With so many controversial “Jose’s”, this particular Jose is heaven sent, just like Sen. Ping Lacson finding a witness to the Pidal account, and his name is not Mahusay. Maestro Valdez’s arrangements to popular songs, from the very simplified to the more challenging, helped me to enjoy playing the standards, classical-style. I would play during lunch breaks, not because everybody else is in the canteen and no one will hear me, but it is my way to relax after a stressful morning. Imagine, upon arrival in the office, I’d retrieve my voice mail, and will tell me I have fifteen new voice messages. Or retrieve my email and get thirty new ones, more than half offer how to get credit cards, how to get thin, or even how to find a date within the area, and these offers are good only in the US. Every song that I play puts a big smile on my face. I get a high each time I finish a piece. But, most of all, I help my officemates get their noontime nap.

The first piece in the book is Can’t Help Falling In Love. So, if your crush is an F4 fan, here is a song you can play to her (or him). This is followed by Here, There, and Everywhere, Killing Me Softly, Moon River, and Smoke Gets In Your Eyes. The last one I played in our Christmas program, dedicating the song to those who would barbecue during the holidays. I would have played Moon River, but I feared someone might get up to the stage, take the microphone and sing. He would then request My Way, which I didn’t know.

The book then continued with Unchained Melody, and As Time Goes By. Maestro Valdez arranged these first seven pieces for beginners. They are so simple I can play them. There are tablature diagrams to help those who do not read notes. Only beginners read these, and since I’m more advanced, I don’t need the diagrams; I’d rather read the notes. (To be honest, I follow the tablature, not the notes. But, then, who’ll notice?)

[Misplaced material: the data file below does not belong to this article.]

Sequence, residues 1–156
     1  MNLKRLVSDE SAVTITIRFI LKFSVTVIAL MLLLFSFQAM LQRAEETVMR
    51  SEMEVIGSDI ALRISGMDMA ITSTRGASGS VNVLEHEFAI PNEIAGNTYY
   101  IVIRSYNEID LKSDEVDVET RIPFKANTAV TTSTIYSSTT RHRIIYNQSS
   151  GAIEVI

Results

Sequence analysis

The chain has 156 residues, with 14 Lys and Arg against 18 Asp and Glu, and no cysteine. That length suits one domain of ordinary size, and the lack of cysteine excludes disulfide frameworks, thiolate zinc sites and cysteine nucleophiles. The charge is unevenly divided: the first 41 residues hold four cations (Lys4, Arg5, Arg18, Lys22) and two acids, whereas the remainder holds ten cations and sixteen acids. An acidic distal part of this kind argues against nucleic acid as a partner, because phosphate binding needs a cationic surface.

The next four songs are still simplified arrangements, but more challenging for beginners. These are Song For Ana, Somewhere In Time, A Time For Us, and Manha De Carnaval. These are followed by four arrangements that will keep me busy learning them for a year. Well, a year might be too long. Perhaps, less than that…like, eleven and a half months. The four are Aubrey, What Matters Most, Michelle, and Misty. Although these are very challenging pieces, learning and playing them would be a great accomplishment for me. And with those romantic songs, who knows, someday, I may be asked by someone to serenade his sweetheart. That would be extra income.

As you would see, the choice of the songs was very well thought of. If I played them to my wife, she would fall in love with me again, erasing all the blunders I made, like the time I forgot her birthday, which happens to fall on the same day as our wedding anniversary. I also hoped that playing them to my children would make them appreciate the type of music I listen to. I wished my first child to be a concert pianist and the second a ballerina. Last night, my younger daughter told me she wanted to be a rock star.

The arrangements, although simplified, are very satisfying to play and listen to. As written in the introduction by Mr. Vincent Abellar, “[i]n spite of the simplification, however, the pieces sound complete and are rich in harmony.”

I am inviting all of you to buy this book, not only because it is patriotic, but also it would encourage the publisher to issue similar books. In fact, there are already two other songbooks published, with arrangements made by Maestro Valdez: Volume 2 of this book, and The Philippine Guitar, another wonderful tome, worth every centavo, which I’d make a review if this one doesn’t get printed. There are future publications: Favorite Christmas Carols for Classical Guitar, which, I hope, would come out this December; Inspirational/Religious Songs for Classical Guitar, which, I hope, would come out this Friday; and Favorite Piano Solos for Classical Guitar, which, I hope, would come out. There are other books with arrangements for the classical guitar, wherein Maestro Valdez is not the arranger. I invite you to buy them as well.

With a vast array of pieces to learn from, we, beginners, could have an expanded repertoire, enabling us to achieve the level we aspire for…intermediate.

And that is no joke.